2. yeltzmanmatt from Birmingham, England
    09 Apr 2014, 5:00 am

    As a fan of Alan Partridge I was looking forward to seeing this and Iwasn't let down. I'm not sure what people who haven't seen the TV showswill make of it but for fans this is a big treat.

    The plot is pretty flimsy but when you have a character like AlanPartridge you really don't need much of one. The jokes and laughs keepflowing and whilst some miss the mark there are plenty of scenes thatwill have tears running down your face. Some of the old favourites likeLynn and Michael (slightly superfluous in this) are here but this isall about Alan.

    It plays like a very long version of an episode but it's face pacedenough to never get tedious and the film just flies by. This is a filmthat can be enjoyed by anyone and may even garner a new generation ofPartridge fans.

    Alpha Papa is a comedy that actually makes you laugh and is highlyrecommended.

  3. pugheaven from Ellesmere Port (UK)
    09 Apr 2014, 5:00 am

    Have to say, this is the funniest film I've seen in a fair few yearsnow. I'm a massive Partridge fan but these cinema outings for TVcharacters can fall on their face… this didn't…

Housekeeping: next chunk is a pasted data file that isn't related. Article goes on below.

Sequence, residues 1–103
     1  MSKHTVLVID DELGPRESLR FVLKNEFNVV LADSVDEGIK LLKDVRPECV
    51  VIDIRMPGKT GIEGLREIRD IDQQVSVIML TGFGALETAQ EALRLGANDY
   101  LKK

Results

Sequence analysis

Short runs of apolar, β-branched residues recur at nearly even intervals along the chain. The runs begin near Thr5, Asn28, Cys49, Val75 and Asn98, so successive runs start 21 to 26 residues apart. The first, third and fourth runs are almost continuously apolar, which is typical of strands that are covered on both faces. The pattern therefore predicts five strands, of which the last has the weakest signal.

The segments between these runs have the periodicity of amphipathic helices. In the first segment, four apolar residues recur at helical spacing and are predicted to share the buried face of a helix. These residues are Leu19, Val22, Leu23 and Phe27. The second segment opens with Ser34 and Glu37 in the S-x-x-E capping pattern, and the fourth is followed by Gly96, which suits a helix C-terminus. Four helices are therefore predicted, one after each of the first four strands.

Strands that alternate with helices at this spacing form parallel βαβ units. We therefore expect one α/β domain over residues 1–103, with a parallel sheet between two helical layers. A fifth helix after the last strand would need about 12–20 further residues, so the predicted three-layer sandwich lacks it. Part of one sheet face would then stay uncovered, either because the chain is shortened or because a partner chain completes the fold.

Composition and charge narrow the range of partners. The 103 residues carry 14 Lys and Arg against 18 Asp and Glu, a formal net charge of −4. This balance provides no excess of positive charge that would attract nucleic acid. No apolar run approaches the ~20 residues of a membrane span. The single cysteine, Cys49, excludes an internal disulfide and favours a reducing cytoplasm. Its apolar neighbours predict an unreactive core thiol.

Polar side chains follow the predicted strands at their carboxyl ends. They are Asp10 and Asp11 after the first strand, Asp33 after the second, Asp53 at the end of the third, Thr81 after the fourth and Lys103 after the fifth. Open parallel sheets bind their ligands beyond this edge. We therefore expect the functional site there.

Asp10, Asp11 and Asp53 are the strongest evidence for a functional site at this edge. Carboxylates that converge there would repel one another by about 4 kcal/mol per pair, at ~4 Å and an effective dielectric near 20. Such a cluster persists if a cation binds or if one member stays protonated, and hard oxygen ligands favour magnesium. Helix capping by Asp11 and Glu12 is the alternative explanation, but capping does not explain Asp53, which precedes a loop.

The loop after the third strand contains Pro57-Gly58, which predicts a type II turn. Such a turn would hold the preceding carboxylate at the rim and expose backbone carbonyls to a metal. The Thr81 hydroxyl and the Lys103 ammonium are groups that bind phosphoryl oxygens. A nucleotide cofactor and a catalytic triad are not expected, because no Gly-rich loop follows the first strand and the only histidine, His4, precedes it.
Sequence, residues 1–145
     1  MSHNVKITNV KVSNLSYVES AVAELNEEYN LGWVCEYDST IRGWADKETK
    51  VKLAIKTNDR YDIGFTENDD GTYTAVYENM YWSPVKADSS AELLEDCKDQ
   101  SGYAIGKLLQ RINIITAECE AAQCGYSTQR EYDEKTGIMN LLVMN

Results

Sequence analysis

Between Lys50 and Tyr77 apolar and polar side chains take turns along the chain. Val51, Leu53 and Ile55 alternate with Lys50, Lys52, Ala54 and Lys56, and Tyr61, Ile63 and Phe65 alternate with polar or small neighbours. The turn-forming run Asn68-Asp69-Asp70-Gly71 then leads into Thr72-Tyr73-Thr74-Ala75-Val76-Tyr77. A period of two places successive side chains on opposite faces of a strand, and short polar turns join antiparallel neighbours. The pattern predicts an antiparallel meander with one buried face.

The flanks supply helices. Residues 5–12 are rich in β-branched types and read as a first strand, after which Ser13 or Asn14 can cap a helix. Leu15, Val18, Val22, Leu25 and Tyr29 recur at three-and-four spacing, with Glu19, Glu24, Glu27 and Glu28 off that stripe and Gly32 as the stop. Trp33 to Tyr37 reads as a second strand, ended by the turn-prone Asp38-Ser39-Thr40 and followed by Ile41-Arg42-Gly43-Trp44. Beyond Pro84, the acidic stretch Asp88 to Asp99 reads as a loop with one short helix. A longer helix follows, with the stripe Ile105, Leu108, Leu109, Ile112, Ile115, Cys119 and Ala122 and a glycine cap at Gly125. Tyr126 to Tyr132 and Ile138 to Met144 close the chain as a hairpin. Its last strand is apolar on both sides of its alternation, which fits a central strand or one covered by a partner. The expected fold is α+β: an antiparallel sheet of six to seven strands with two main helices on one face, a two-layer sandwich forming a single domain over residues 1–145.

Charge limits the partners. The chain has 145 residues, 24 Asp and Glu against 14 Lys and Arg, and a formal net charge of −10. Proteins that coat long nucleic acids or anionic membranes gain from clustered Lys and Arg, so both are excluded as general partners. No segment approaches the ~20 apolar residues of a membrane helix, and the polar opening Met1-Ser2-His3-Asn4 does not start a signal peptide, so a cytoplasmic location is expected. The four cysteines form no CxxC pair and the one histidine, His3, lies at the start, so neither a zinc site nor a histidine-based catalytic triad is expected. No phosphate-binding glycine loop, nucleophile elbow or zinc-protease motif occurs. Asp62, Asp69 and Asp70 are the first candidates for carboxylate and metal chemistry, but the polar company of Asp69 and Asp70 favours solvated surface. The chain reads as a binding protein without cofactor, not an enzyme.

I dragged the wife along who's NOT a fan and even she had tears in hereyes laughing her head off… whole screening was packed and everyoneloving it. If you DON'T like Partridge, you won't like this… simpleas that… however if you do, be ready for a fantastic film.

    Fair play to Coogen and the writers… to keep the character freshafter 20+ years… and then base a whole film at a radio station for90+ minutes and entertain, that takes some writings. Go watch… youwill not be disappointed and it's Partridge at his BEST!

  4. cathalokane from United Kingdom
    09 Apr 2014, 5:00 am